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Why Qualcomm, ASML Holding, and Taiwan Semi Stocks Popped Today

Motley Fool - Thu Nov 2, 2023

It's Thursday, and semiconductor stocks are on the move again. As of 10:45 a.m. ET, investors in the chips industry are seeing mobile chips leader Qualcomm(NASDAQ: QCOM) stock score a 3.6% gain after "beating" on earnings last night.

Meanwhile, semiconductor equipment maker ASML Holding(NASDAQ: ASML) is adding 4.1% and contract chips manufacturer Taiwan Semiconductor Manufacturing Company(NYSE: TSM) is tacking on 2.6%, in response both to positive news on semiconductors in general and to Qualcomm's bullish report in particular.

The good and bad news about Qualcomm

Let's start with Qualcomm. Heading into last night's Q4 2023 report, analysts had forecast Qualcomm would earn $1.92 per share (after backing out one-time items) on sales of $8.5 billion. In fact, though, Qualcomm earned an adjusted $2.02 per share, and its sales approached $8.7 billion.

Before you get to thinking this is "good" news, however...don't. It's just news that is less bad than feared.

Qualcomm, you see, may have beaten expectations on both the top and bottom lines, but its sales were still down 24% year over year in Q4, while its generally accepted accounting principles (GAAP) earnings declined twice as fast -- 48%. What's more, calculated according to GAAP, Qualcomm's profits were only $1.32 per share -- i.e. the "$2.02" profit that Wall Street is excited about was only a non-GAAP (adjusted) figure.

Q4 results were also weaker than full-year results at Qualcomm (indicating that business is still getting worse, not better). For the year, Qualcomm scored $35.8 billion in sales (down only 19% year over year) and GAAP profits of $6.42 per share (down 44%).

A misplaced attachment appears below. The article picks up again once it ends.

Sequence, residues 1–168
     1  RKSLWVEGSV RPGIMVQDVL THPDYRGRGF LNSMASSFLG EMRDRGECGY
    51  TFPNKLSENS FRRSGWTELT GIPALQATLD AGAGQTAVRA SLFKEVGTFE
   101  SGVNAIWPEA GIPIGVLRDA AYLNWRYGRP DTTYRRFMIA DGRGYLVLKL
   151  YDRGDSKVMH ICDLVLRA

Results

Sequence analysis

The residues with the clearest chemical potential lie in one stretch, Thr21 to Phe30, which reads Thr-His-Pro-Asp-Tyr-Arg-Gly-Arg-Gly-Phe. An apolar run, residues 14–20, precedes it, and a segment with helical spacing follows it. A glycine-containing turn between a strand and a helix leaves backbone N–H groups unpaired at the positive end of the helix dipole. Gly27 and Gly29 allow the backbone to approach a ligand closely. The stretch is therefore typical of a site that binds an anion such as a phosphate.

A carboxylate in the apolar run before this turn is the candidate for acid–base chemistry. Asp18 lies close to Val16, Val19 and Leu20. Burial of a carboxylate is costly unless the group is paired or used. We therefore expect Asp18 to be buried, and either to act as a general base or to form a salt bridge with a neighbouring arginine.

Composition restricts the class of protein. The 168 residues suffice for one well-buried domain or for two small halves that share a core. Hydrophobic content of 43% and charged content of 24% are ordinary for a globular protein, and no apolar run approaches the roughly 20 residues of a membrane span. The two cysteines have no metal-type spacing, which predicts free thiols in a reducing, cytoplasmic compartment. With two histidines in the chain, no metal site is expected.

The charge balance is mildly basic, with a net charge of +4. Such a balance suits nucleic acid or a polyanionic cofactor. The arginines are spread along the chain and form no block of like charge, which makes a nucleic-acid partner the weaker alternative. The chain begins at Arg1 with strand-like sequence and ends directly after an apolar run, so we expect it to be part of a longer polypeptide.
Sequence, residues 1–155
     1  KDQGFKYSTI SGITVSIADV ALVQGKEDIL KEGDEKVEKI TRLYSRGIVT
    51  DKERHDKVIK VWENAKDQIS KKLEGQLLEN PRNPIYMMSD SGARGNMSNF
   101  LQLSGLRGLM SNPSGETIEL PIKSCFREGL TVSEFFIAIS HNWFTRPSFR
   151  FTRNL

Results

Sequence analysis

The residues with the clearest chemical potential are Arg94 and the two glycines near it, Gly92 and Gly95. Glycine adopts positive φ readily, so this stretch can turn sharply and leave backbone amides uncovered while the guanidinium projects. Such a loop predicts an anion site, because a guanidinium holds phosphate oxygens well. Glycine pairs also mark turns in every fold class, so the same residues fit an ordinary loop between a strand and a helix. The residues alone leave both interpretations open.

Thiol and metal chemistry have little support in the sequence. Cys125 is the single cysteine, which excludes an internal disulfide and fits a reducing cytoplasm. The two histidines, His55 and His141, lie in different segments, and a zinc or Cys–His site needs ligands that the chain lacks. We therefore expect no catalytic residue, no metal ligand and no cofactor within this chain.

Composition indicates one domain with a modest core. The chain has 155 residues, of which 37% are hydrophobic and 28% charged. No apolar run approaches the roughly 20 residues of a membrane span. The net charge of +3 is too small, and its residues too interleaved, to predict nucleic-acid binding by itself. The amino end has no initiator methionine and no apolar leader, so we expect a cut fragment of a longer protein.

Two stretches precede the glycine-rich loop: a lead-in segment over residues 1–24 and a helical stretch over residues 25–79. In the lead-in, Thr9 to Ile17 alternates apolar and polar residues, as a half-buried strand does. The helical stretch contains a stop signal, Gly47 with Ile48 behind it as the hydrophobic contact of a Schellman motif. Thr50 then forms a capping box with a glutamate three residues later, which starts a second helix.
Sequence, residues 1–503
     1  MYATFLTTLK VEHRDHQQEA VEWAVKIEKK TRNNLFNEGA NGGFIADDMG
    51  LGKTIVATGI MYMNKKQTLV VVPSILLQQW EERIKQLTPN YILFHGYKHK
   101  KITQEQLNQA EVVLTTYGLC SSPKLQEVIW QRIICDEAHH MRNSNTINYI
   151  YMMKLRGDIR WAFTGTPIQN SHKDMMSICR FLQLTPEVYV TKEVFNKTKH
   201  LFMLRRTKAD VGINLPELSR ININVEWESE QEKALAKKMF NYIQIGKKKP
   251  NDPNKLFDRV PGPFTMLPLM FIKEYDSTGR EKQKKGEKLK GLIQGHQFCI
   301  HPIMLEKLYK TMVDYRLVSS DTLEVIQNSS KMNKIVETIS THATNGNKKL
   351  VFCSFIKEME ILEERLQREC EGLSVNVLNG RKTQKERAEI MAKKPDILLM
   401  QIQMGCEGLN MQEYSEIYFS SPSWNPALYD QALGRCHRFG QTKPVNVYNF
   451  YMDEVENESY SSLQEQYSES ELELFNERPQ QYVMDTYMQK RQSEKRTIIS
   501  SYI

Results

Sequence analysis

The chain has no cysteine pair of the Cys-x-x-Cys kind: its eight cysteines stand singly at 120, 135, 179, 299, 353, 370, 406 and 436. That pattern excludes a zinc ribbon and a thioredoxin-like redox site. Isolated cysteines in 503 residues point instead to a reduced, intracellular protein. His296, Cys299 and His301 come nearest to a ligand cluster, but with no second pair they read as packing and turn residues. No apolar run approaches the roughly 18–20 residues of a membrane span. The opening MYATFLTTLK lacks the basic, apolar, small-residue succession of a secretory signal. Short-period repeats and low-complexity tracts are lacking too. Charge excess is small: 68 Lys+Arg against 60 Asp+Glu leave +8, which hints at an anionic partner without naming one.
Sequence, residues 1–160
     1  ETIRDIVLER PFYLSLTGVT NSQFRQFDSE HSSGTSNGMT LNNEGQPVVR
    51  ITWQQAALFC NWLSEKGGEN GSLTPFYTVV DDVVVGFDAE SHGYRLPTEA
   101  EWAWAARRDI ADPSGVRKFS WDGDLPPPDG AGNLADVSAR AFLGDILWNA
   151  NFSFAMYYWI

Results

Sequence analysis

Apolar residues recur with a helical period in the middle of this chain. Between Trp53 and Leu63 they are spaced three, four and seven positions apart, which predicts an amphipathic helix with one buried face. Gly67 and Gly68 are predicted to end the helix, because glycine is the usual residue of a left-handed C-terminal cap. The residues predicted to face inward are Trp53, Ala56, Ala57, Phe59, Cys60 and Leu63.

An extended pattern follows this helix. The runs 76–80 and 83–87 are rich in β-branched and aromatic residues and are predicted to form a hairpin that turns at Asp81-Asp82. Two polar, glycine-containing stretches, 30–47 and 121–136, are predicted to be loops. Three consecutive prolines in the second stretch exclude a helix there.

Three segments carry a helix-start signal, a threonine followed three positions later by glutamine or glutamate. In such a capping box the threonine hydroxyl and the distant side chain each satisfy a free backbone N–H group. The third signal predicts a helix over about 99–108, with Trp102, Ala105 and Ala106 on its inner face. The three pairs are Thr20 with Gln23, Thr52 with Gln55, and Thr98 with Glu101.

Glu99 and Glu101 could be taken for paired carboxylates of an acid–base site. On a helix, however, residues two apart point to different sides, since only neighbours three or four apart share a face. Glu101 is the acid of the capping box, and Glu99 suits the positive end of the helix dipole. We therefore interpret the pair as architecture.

What's next for Qualcomm and other semiconductor stocks?

And yet...things may be looking up.

Turning to guidance, Qualcomm indicated that in Q1 2024, it may see sales of anywhere from $9.1 billion to $9.9 billion. The midpoint of that range being $9.5 billion, and Wall Street expecting only $9.3 billion in Q1 2024 sales, this suggests that the business environment may actually be starting to improve for Qualcomm. (The company also forecast earnings about $0.10 per share ahead of consensus).

And not just for Qualcomm.

Turning at last to our other two semiconductors gainers today, the same improvement in business that Qualcomm is forecasting for next quarter was also just highlighted in a Wall Street Journal article on semiconductor companies in general. After a "boom and bust," cycle, reports the Journal, "the worst is over for the chip industry [and] the global semiconductor industry is bottoming out."

In support of this thesis, the paper cited a better-than-expected earnings report from Intel last week, alongside a Samsung report that chips demand is "getting back to normal inventory" levels -- which would imply a halt to declines in sales numbers. Citing a report from semiconductor industry consulting firm International Business Strategies, the Journal even predicted 11% growth in sales next year.

If this is truly the case, then as the most popular maker of semiconductor chips for other companies, such a revival of chips demand would obviously benefit Taiwan Semiconductor. And farther up the semiconductor supply chain, greater production of chips at TSM (and others) would imply greater demand for machines to manufacture chips -- so good news for ASML as well.

But as the saying is, it's hard to make predictions, especially about the future. And given its P/E ratio of nearly 30, I'm not 100% certain the time has yet come to be buying ASML shares hand over fist. But with Qualcomm stock selling for a low 14.5 times earnings today, and Taiwan Semi not much more expensive at 16.9 times earnings, now might be a propitious time to start tip-toeing back into the semiconductor sector and picking up some shares of the cheaper opportunities.

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Rich Smith has no position in any of the stocks mentioned. The Motley Fool has positions in and recommends ASML, Qualcomm, and Taiwan Semiconductor Manufacturing. The Motley Fool has a disclosure policy.

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